Articles - Code 40 N-scale Turnout
04/15/2008
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The turnout construction method shown here uses the Fast Tracks jigs (I bought mine in 2003, so it is different from what the company makes now; the newer ones are easier to use). I construct the turnout parts on the workbench, and then glue them in place on the layout. My method uses no PC board ties, not even for the throwbar. This photo shows the main Fast Track jig that allows you to assemble the rail parts to form the turnout. Each such jig has a left and right turnout. You have to buy a jig for each frog number you want to build. I settled on #8 turnouts for my N-scale layouts.
Code 40 N-scale Turnout
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The jig shown here is used to actually do the shaping of the rail. This is the one that I use all the time. It makes it easy to shape the delicate code 40 rail. My jigs came with an instruction manual that is pretty good. However, I've watched the videos online and they are much better. Even if you don't use these jigs, the video tutorial online may give you enough ideas on how to build your own turnouts.
Code 40 N-scale Turnout
The first thing I do is construct the frog. I cut two pieces of rail to the approximate required length. Once I place them in the jig, I need to determine which rail butts up against which. I usually have the straight rail butt up against the divergent rail (opposite of what is shown in the next photo). It really doesn't matter which way, though, but the decision has to be made because it impacts how the rail pieces are filed.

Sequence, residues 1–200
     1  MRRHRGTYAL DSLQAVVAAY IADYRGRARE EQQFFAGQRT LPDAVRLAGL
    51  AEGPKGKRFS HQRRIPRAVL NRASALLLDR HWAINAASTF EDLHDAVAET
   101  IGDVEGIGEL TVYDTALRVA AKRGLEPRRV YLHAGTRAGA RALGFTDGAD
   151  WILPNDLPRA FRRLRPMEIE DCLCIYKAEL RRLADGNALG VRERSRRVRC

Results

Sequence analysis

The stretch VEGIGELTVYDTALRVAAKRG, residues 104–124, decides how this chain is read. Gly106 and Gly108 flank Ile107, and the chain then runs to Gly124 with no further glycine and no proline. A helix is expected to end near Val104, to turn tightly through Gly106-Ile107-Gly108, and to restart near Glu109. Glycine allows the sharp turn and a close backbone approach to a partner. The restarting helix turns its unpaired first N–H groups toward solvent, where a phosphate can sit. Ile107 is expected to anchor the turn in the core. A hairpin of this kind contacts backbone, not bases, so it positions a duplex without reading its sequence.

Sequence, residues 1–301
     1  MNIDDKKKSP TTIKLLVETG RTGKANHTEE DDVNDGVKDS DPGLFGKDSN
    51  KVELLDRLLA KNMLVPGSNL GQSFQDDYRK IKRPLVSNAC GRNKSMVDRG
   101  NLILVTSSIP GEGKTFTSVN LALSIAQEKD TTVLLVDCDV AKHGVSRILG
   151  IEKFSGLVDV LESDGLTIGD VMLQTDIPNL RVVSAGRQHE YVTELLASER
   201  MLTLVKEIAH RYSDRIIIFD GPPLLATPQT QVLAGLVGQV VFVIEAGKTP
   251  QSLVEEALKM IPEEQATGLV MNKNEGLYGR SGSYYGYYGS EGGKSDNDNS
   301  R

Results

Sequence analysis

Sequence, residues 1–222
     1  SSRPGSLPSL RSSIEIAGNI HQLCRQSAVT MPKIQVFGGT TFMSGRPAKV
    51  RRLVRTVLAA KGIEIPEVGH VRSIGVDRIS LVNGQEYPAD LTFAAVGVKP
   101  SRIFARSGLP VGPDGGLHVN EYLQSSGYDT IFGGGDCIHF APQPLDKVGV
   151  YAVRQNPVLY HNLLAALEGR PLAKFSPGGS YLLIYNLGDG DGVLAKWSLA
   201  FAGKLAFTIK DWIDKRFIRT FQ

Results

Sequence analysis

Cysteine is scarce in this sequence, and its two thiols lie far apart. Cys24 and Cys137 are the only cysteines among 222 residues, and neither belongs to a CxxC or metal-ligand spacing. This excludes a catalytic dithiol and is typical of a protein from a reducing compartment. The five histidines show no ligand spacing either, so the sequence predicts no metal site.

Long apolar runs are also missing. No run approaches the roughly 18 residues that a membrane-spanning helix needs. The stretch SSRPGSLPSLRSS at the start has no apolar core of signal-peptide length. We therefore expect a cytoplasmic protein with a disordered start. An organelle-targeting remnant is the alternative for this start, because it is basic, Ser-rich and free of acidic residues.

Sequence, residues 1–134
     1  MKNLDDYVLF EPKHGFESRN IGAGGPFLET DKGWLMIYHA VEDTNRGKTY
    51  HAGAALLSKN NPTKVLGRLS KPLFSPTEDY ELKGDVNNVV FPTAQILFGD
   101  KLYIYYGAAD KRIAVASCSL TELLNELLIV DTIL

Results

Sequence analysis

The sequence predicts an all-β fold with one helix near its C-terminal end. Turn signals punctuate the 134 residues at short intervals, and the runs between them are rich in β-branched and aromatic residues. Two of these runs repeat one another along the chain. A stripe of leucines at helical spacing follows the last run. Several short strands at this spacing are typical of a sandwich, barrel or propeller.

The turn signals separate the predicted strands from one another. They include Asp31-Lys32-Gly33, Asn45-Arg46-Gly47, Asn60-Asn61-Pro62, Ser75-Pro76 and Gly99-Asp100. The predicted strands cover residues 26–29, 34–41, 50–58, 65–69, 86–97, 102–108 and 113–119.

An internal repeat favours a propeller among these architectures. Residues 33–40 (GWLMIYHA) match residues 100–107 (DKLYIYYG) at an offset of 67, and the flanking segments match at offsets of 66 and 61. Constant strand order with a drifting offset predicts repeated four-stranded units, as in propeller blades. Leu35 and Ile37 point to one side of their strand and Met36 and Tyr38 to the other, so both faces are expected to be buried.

Code 40 N-scale Turnout
Using the filing jig and a bit of hand filing, I shape the two pieces of rail and place them in the jig. I place a metal weight on them to hold them in place (the reason for the shadow in the photo below).
Code 40 N-scale Turnout
Next, I cut, mark, and shape the two pieces of rail that make up the wing rails (at the frog) and the points. I make mine out a full piece each. I use the jig to determine where to make the bends near the frog, and where to start filing down the rail for the points.
Code 40 N-scale Turnout
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When I am happy with the shape of the rails, it is time to solder them together. Fast Tracks recommends using a high-powered soldering iron for soldering rail. I always used a small 35-watt unit and it just never worked well. Based on their recommendation I bought the Radio Shack #64-2187. It works great and it was the "big break-through" to having better success with building my track. Using this iron, and keeping the parts in the jig, I solder the four pieces of rail together by flooding the frog with solder. Then, using a file I clean up the solder that went where it wasn't supposed to (for example, outside the rail, etc.). Finally, the wheel clearance area through the frog is cleared away with a fine-blade razor saw. The blade makes a groove just wide enough for the wheel flanges. The reason for the shadow under the rail in this photo is because I usually do my work on a piece of glass to get a super-smooth surface.
Code 40 N-scale Turnout
I don't have any pictures of the stock rails. Those are fairly straight-forward to make. I put two marks on the tops of the rails; one where the points hit the stock rails, and one where the point rails are far enough away from the stock rails to where they no longer touch. The space between these two marks are filed down, gradually tapering from the throwbar area (file down about half way through the width of the rail head). The idea is to have the point rail "hide" away in the filed-away section of the stock rail.